Published: November 2006
Childhood Origins
Meet the Dikika baby, a three-year-old from the dawn of humanity. Her discovery holds clues to the origin of childhood
By Christopher P. Sloan
National Geographic Senior Editor

Zeresenay Alemseged has two babies. One is Alula, who spends most of his time in his mother's arms in a cozy bungalow in Addis Ababa, Ethiopia's capital. The other is a little girl of three, who spent 3.3 million years locked in sandstone, until the Ethiopian scientist and his team discovered her remains and painstakingly teased them out of the rock. It was a long, slow second birth for a baby from the dawn of humanity.

Until now all fossils of babies this ancient could have fit in a diaper. This new arrival is not only the most complete ancient infant but arguably the best fossil of her species, Australopithecus afarensis. That's the same species as the superstar fossil called Lucy, a 3.2-million-year-old adult female found in 1974. Unlike Lucy, the baby has fingers, a foot, and a complete torso. "But the most impressive difference between them," says Zeresenay (Ethiopians' first names are their formal ones), "is that this baby has a face."

No bigger than a cantaloupe, the little bundle of bones may also bear witness to a key event in the evolution of hominins, as humans and their ancestors are known: the beginning of our long, dependent childhood, when we grow our large brains. "Outside of its completeness, the major importance of this find is the light it will shed on how this species lived and grew," says Bill Kimbel, an expert on A. afarensis and a member of the study team. "Now we can begin to read its biography."

It is a curious coincidence that the world's oldest baby, who died while still of nursing age, lived her short life in a region named Dikika—"nipple" in the local Afar language, after a distinctly shaped hill. The hill is just across the winding Awash River from Hadar, the site in Ethiopia's Rift Valley where Lucy and the fossils of many other hominins have been found. The region is plagued by extreme heat, flash floods, malaria, and occasional shoot-outs between rival ethnic groups, not to mention lions, hyenas, and other uninvited nocturnal guests. It is one of the most difficult places on Earth to hunt for fossils—and one of the most fruitful.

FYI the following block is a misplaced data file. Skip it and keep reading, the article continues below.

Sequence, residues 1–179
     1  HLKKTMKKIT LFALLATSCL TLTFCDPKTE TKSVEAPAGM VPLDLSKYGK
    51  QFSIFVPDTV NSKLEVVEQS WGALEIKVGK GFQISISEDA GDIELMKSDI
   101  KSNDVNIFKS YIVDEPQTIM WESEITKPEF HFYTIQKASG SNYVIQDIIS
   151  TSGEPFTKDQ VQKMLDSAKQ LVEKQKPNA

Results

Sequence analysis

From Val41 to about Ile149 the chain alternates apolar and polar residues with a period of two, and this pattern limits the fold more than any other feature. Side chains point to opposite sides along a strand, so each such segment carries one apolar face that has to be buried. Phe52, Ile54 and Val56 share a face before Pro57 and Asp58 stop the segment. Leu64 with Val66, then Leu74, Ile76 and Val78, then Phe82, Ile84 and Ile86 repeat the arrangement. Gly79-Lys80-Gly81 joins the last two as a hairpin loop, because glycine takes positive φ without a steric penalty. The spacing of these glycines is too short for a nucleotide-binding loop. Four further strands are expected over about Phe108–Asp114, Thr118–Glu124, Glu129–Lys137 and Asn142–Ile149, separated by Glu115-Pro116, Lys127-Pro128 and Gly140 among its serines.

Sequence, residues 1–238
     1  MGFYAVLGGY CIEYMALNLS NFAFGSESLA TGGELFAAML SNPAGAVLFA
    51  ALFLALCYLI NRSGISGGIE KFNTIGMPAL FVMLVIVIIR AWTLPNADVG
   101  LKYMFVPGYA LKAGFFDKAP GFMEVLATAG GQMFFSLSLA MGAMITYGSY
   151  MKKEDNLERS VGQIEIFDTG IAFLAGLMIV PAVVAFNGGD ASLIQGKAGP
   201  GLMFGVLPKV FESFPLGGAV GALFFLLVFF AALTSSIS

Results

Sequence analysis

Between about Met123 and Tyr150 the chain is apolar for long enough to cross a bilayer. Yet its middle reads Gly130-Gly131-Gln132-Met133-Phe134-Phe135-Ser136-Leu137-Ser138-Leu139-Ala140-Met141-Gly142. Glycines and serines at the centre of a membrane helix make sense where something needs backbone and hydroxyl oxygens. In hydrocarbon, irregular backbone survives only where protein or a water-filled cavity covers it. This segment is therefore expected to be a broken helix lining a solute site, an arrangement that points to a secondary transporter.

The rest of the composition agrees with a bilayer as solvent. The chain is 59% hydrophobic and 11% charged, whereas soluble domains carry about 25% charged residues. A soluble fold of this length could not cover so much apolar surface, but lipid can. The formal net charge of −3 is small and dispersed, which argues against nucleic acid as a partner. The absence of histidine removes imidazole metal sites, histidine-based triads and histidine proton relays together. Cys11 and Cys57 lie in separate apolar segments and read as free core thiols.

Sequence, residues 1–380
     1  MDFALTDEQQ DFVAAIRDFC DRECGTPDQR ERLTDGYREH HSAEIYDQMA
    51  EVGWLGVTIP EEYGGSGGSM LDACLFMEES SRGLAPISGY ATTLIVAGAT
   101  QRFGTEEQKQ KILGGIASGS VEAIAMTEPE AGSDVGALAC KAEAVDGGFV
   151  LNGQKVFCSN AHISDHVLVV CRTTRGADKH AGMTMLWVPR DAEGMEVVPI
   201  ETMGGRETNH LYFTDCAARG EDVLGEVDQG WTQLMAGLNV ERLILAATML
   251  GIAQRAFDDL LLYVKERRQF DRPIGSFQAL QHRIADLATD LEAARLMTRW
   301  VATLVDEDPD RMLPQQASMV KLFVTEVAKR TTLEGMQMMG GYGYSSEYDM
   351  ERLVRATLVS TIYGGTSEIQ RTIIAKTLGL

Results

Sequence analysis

For decades the low-lying northern end of Africa's Great Rift Valley, the Afar depression, has been the domain of foreign-led expeditions. Zeresenay, one of a new generation of Ethiopian paleoanthropologists, changed that in 1999 when he led a band of Ethiopian fossil hunters into the Afar badlands.

By December 2000, the search had turned up plenty of fossil mammals, such as elephants, hippopotamuses, rhinoceroses, and antelopes, but no hominins. Yet Zeresenay, who is based at the Max Planck Institute for Evolutionary Anthropology in Leipzig, Germany, knew his team was looking in the right place. These animals would have thrived in the gallery forest that flanked the ancestral Awash River. Early hominins would have lived in these shady woodlands as well.

The prehistoric forests of Dikika are long gone, and there was no shade on December 10, when team members forced themselves out into the hot sun to look again. Tilahun Gebreselassie was the first to see the Dikika baby's tiny face peering out from a dusty slope. It was no bigger than a monkey's, but a smooth brow and short canine teeth told Zeresenay right away that this was a small hominin. His team had struck fossil gold, for not only was the baby's skull in perfect shape, but tucked beneath the head in a hard ball of sandstone were many bones of the upper body as well. "This is something you find once in a lifetime," Zeresenay says.

He doesn't know how the Dikika baby died, but the river must have rapidly buried the body in pebbles and sand, protecting it from scavengers and weather before gradually hardening into rock. While most hominin fossils have to be glued together from hundreds of fragments, Zeresenay faced the opposite challenge. He had to etch away hard sandstone with a dentist's drill, navigating between tiny vertebrae and ribs so anatomical details could be seen. "I cleaned it grain by grain," he says. "You don't want to destroy it by rushing." The task has taken five years so far.